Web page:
11 Exit Cards: Science Teacher: Am I asking students to stretch?
Draw the earth’s orbit around the sun. Briefly explain what causes the seasons. Use illustrations, if necessary. How have your opinions about this topic changed? What questions do you still have?

12 Exit Cards: British Literature
Teacher: Why this task? Student: I am making connections to other works of literature. What is a “conceit”? Briefly explain the “conceit” apparent in “The Flea” In what other works that we’ve read did you notice a “conceit”?

13 Exit Cards: History Teacher: I am asking students to compare and contrast, to examine the context. Name 3 factors that contributed to the United States’ involvement in WWII? Briefly explain what you believe to be the most significant of these factors and tell why?

14 Exit Cards: Algebra Teacher: I am providing models and options.
Draw a graph & label the “x” and “y” axes Graph a line with the endpoints (3,5) (7,2) Graph a line with the endpoints (-3,-5) (7,2) Provide two ways of writing the equation for a line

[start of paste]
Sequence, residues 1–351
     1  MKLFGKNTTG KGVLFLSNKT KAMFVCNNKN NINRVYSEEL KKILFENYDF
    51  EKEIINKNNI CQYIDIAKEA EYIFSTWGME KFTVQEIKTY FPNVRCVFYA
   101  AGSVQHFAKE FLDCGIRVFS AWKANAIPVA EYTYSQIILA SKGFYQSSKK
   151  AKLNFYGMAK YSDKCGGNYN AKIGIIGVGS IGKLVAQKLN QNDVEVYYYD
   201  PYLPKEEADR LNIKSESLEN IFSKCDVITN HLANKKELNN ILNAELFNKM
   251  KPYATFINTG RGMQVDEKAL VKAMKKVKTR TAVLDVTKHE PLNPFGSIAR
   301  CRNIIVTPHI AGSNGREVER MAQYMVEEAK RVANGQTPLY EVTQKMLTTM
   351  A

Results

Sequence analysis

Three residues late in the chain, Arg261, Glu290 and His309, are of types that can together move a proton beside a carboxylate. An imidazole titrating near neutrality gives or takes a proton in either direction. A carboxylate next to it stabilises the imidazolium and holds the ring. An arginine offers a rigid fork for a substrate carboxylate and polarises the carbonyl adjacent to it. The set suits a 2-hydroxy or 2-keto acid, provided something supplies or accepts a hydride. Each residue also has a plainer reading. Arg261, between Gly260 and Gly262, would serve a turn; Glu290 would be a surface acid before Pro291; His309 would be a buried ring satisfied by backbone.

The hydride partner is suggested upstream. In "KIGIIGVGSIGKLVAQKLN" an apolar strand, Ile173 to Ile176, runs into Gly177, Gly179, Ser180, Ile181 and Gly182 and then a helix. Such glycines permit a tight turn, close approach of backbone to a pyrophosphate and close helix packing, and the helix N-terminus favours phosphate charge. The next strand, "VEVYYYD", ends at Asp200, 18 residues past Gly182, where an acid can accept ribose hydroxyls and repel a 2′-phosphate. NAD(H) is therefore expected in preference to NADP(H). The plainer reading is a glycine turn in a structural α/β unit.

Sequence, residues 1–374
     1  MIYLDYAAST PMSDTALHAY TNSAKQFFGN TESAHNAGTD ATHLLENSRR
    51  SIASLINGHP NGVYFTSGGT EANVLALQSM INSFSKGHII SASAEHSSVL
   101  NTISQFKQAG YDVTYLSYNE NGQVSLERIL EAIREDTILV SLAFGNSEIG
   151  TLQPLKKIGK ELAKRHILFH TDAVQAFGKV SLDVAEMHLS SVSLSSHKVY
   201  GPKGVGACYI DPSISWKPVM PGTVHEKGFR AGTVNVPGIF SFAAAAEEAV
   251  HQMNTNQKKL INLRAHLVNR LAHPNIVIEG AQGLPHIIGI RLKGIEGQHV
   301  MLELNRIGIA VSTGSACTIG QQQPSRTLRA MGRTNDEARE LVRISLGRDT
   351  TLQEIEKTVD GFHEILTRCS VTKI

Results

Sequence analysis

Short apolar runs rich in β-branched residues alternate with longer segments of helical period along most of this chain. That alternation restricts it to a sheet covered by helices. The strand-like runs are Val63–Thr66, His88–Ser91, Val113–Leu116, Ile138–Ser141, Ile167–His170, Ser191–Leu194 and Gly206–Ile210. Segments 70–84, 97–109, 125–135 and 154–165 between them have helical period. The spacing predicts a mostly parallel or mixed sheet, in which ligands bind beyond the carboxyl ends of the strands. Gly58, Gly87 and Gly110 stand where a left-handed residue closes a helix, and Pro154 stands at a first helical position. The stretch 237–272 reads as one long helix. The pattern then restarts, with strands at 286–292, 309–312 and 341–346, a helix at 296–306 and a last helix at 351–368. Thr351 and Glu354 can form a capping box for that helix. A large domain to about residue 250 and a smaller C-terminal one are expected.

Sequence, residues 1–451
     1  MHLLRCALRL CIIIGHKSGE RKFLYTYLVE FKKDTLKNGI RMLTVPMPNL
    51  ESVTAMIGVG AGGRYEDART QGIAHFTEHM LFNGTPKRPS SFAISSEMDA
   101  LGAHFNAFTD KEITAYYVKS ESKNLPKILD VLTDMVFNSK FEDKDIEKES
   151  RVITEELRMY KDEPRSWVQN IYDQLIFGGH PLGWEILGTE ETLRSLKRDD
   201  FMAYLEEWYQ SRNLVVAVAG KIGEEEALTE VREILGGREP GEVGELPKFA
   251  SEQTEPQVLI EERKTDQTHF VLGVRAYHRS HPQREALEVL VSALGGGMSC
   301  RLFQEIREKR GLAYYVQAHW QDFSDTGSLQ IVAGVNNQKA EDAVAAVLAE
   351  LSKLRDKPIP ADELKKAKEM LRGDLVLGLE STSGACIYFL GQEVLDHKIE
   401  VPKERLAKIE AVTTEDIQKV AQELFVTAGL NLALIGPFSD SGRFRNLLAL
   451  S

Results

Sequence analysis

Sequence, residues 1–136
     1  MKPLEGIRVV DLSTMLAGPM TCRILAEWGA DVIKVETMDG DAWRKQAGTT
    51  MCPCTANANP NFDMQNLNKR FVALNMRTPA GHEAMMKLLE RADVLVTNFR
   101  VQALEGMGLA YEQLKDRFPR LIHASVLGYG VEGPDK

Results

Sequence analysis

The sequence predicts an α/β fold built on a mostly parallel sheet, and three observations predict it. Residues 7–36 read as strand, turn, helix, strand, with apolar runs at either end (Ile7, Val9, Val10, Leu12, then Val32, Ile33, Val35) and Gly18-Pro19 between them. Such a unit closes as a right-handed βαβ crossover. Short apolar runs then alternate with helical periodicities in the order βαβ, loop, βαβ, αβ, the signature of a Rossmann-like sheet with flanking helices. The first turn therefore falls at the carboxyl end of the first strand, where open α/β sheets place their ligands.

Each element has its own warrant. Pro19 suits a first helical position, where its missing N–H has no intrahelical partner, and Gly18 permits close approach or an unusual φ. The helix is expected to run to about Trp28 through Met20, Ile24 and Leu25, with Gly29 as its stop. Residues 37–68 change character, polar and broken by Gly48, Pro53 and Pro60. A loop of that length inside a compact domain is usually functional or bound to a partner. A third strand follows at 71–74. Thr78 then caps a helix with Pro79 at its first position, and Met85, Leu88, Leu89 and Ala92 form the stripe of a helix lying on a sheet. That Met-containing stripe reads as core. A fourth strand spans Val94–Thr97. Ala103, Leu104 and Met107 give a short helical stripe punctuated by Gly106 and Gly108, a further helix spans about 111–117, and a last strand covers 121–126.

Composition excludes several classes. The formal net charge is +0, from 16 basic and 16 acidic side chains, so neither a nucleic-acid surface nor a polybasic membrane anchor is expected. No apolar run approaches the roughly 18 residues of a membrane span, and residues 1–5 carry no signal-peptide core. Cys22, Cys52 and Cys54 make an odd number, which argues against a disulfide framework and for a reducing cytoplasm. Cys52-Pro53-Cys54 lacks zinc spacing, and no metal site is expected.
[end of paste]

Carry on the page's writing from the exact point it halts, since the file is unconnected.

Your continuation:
15 3 things I learned today about entrepreneurship
3-2-1 Cards—Metacognition: Students need to know what they learned and why. 3 things I learned today about entrepreneurship 2 questions I still have/ am confused about… 1 thing I would like to learn more about…

16 ENTRY CARDS Another Alternative….to Exit Cards. A way to pre-assess
Prior Knowledge. ENTRY CARDS

17 Spiral Learning Strategy: Concept: Metaphor
Students will know the definition of metaphor, stanza, simile, etc. Students will be able to describe themselves using metaphors Students will understand that… Metaphors allow us to communicate ideas that literal language can’t Metaphors help readers picture things in their minds.